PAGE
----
A note on Cantonese
I use the ‘Jyut Ping’ (粵拼) Cantonese writing system as I have found it to be the most accurate.
For an excellent way to learn Jyut Ping, see here. For a dictionary see here or use the Hanping Cantonese App for Android.
3 Reasons to train Free Chi Sao in Wing Chun:
- Fun – allows students to express the Kung Fu outside of set drills
- Effective – trains us to be dominant in a ruleless, close range situation
- Safe – low rate of injuries if monitored by a good coach
1 – Fun
Along with continuous improvement, the most important factor that determines whether someone keeps training over a long period is whether training continues to be fun.
In our school the last half an hour of every class is dedicated to expressing the moves creatively. Here we train to use our moves instinctively against someone who is also adapting in response to us.
Ways to keep Free Chi Sao fun:
- Handicaps – if one person is getting consistently dominated, introduce handicaps (as in golf) to the more advanced trainee to ‘even up’ the exchange. One example of a handicap would be for the trainee with longer arms to have a wall behind them so they can’t step back and take advantage their longer reach
- Positive Constraints – ‘rules’ to guide students to focus on different aspects of fighting e.g. one trainee occasionally throws a hook, or both trainees have to use more low strikes
- Stay Soft (放鬆 Fong3 Sung1) – it can sometimes get frustrating training with tense trainees who are also skilled. Rather than blaming them for something they may have little control over, it’s better to ask if you can both can do Free Chi Sao slower, which will make the exchange more productive for both of you and hence more enjoyable
2 – Effective
In our view Wing Chun is designed to be most effective at standing, close range – midway between boxing and grappling ranges.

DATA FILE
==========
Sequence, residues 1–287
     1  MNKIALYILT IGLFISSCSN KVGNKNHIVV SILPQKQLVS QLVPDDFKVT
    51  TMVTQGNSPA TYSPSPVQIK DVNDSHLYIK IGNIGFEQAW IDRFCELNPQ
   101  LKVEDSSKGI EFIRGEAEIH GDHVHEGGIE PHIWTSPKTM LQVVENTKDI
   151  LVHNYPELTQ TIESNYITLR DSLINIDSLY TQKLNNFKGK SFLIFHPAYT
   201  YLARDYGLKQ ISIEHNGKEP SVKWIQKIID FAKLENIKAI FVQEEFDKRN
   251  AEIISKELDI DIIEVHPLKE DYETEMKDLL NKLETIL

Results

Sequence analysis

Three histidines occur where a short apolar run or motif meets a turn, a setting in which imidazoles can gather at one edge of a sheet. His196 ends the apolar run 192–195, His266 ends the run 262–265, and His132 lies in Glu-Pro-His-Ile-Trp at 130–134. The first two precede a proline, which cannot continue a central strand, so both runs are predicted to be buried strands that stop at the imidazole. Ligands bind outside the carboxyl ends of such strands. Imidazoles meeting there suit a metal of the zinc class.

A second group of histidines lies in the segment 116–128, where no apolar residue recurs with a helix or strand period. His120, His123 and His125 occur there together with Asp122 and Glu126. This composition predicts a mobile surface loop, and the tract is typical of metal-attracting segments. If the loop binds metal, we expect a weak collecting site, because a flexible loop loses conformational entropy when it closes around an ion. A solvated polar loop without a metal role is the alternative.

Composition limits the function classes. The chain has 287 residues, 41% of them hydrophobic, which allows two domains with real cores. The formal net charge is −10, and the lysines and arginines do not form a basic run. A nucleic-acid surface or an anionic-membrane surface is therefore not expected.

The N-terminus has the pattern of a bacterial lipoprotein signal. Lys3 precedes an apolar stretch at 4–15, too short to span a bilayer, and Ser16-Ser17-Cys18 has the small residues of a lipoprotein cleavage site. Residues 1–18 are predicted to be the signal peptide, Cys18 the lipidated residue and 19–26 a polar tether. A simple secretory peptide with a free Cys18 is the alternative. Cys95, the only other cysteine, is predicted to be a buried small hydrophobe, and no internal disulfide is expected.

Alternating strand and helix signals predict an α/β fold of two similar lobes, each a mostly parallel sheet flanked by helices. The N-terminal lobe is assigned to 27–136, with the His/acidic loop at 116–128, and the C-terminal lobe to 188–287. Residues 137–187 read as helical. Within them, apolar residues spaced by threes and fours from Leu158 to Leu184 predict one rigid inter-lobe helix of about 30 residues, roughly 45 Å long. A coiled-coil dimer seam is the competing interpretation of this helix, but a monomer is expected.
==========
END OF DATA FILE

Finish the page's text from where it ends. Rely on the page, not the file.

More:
We have moves in Cam Kiu and Biu Zi that work to deal with longer and shorter ranges, however these are used mainly to get us back to our preferred Siu Lam Tao range.
From there we can leverage our training of Free Chi Sao to dominate this range in a ruleless situation.
Just as sparring in boxing is not an accurate recreation of actual fighting, neither is Free Chi Sao in Wing Chun.
The 2 main aspects to focus on during Free Chi Sao are:
- Maintaining your balance while destabilising your opponent’s
- Hitting them without getting hit yourself – attacking and defending simultaneously
Other important aspects are:
- Changing instinctively – in order to take advantage of your opponent’s move or pressure
- Coming up with solutions for a variety of situations – which can’t comprehensively be covered using set drills
- Staying soft – especially necessary against people stronger than you
- Dealing with opponents that have different arm lengths, weight and strength
3 – Safe
We have anecdotally observed a low injury rate compared to other forms of martial arts sparring and as such, Wing Chun is able to cater to a large range of athletic body types. That’s not to say that on an individual level we don’t want to become more athletic, however many styles of martial arts that have as their origin as a competitive sport often require a stronger athletic base before starting.
Also, since Wing Chun is a non-competitive style of martial art you will never be training with someone who could ultimately be your opponent in competition. Therefore students are better able to view Free Chi Sao as a reciprocal learning process with their training partner, rather than always a test of their skill.
Ways to make your Free Chi Sao safer:
- Train at slower speeds – it’s human nature to go faster if you’re getting dominated. Ideally have a coach or advanced student call ‘reset’ to go back to rolling if things start to speed up or get messy
- Check your strikes – make sure not to follow through with your strikes. If you are a beginner then keep at slower speeds so that it’s easier to coordinate your moves
- Check your ego! – even though we are striving to do our best, allowing our emotions to get out of hand when things don’t go our way increases the chances of injuries and confrontations. Be sure to have a coach that cues people to calm down if things get heated, or to change up training partners if there is a conflict of personalities
- File your nails or wear gloves – if you have long nails, either cut them or wear gloves to reduce the danger of eye injuries
- Only use elbows with advanced students and at slower speeds
- Don’t use kicks – without padding and floor mats, stamps to the knee and sweeps are quite risky to use in Free Chi Sao